Modern day gaming now offers incredibly realistic graphics that submerges you into an almost real looking world of adventures, but still as addictive and equally enjoyable, if not more so for older gaming fans, is nostalgic video games that magically transport you straight back into your childhood.
Vintage classics like Space Invaders to retro games like Donkey Kong and Sonic the Hedgehog are a long distant memory for most people who will have long sold or chucked out their gaming consoles for more hi-tech versions. However, gaming fan Phil Jones has spent many hours tirelessly searching for those classic games to bring them back in one venue in Exeter that has become a nostalgic gaming paradise.
Boneyard Arcade, located just behind Sidwell street on Red Lion Lane in one of the few remaining post-war industrial units, only has video games. It is dedicated to keeping old games working from the vintage 1970s black and white games like Asteroids and Space Invaders through to the ‘modern’ 1990s hits like Sega Rally and Time Crisis 2.
Retro machines, including pinball games, stand side by side in the arcade that is currently open four days a week. For Phil, it is a dream come true to see the look of joy on peoples’ faces as they get to play games they haven’t played in decades and watching the forgotten fun come flooding back, or experience it for the first time.
Phil said: “No matter how old the games in the arcade might be, they’re still proving to be lots of fun, not only for the people that remember them as they grew up but for people who have never experienced them before. It’s great to see people young and old alike trying to beat each others scores on Pac-Man or seeing who will come first in a race on Daytona USA.
“Seaside arcades were a big part of growing up for a lot of people in Devon and though they’re still there, video games aren’t as common to see as they once were and became more of a thing done at home, which led to the loss of the local social aspect. We hope we are bringing some of that back and it’s been fantastic that some of the games now have groups of regular players who meet up to play and challenge each other.”
Boneyard Arcade opened last August and is co-owned by Phil, 44, and his brother who both share a love of gaming and restoring old machines.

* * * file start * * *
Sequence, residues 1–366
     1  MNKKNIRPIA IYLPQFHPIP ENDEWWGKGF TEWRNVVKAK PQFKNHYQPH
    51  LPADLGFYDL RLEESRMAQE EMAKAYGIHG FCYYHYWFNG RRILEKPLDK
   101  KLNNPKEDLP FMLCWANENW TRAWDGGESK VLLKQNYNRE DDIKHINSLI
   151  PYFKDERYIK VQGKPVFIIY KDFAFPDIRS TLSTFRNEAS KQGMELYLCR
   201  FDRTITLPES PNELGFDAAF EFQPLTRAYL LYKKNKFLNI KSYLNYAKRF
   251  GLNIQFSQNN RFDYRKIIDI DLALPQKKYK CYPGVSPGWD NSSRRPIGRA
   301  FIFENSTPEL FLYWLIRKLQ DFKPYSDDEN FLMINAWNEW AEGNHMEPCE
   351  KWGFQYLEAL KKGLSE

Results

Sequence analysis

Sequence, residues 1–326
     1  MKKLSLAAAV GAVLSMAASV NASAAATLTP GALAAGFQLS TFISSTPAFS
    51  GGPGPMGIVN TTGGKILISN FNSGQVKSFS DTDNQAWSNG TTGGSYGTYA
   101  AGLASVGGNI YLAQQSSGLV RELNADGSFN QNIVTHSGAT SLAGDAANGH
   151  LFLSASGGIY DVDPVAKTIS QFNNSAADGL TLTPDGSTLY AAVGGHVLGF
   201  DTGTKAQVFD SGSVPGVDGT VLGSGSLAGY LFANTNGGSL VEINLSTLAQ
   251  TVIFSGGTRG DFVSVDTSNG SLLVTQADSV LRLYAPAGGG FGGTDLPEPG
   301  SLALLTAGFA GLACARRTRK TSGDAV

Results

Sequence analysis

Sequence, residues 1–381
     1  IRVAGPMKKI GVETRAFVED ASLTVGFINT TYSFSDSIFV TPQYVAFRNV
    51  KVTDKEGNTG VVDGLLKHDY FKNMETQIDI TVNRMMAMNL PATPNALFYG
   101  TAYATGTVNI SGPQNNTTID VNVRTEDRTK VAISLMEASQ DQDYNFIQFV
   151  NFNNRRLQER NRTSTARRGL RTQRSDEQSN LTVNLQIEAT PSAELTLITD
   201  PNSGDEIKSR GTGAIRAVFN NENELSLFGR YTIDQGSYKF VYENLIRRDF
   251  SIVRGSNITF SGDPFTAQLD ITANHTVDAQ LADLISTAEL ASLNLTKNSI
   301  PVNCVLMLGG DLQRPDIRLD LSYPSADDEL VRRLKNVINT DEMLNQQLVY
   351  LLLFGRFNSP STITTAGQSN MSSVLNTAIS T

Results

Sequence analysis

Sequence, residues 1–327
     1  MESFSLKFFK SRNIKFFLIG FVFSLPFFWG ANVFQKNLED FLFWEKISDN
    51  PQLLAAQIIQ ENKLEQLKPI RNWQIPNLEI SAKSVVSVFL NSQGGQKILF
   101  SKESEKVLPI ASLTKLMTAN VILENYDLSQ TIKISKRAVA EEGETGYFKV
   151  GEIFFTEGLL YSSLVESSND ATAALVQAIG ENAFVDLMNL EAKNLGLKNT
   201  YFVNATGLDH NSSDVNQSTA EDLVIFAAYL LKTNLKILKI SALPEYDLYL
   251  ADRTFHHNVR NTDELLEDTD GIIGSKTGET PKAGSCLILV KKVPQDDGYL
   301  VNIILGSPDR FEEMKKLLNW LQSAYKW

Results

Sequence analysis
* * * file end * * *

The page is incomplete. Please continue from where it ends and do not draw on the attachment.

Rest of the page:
Phil recalled: “Initially we just opened the arcade at weekends to see if the idea would work. The machines are a bit old so we wanted to make sure they didn’t all die on us!
“My brother’s hobby is fixing machines. We saw other people had opened old video games arcades up and down the country and we had been collecting machines ourselves for a long time as a hobby and felt it was a shame to not let people play them.”
The machines that are in the arcade have been sourced from eBay or groups on Facebook where people swap old machines. They are mostly all ones that have needed to be fixed making them cheaper to buy.
Phil said: “The first one we bought was Star Wars and that was about 25 years ago. We just kept them at home or in the garage and eventually the unit where the arcade is based is what we used as our workshop to fix and store them.
“Old video games are still fun and they are simpler because you don’t have to put 50 hours into them like modern day games that want you to play forever and forever. My favourite is probably the Daytona racing game because I have fond memories of playing it with my school friends.
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“There’s lots of other machines I would like to get our hands on but it might mean having to exchange something we have already got for something better.”
Not all the machines in the arcade are retro games. A recent new addition is Maimai, a Japanese game that looks like a washing machine. The rhythm game, developed and distributed by Sega, sees players interacts with objects on a touchscreen and executes dance-like movements.
Phil said: “It’s not a game that has come out of here officially but we have a lot of Asian students in Exeter who play it back home. We would not normally have a modern game in the arcade but it’s popular with the students as they can now play it when they are away from home.”
There is no admission fee to go inside the arcade. Instead, customers simply purchase a card that has 20 tokens loaded into it and tap it on the front of the machine to play. It means no coins are required and if not all the tokens are used up, the card can be used again on the next visits.
Next month, Boneyard Arcade is to host its first tournament. On Saturday, July 2, it has organised a Street Fighter 2 tournament where players can compete against each other.
Boneyard Arcade is open Thursday and Friday from 6pm to 11pm, Saturday’s 1pm to 11pm and Sunday’s 1pm to 8pm.
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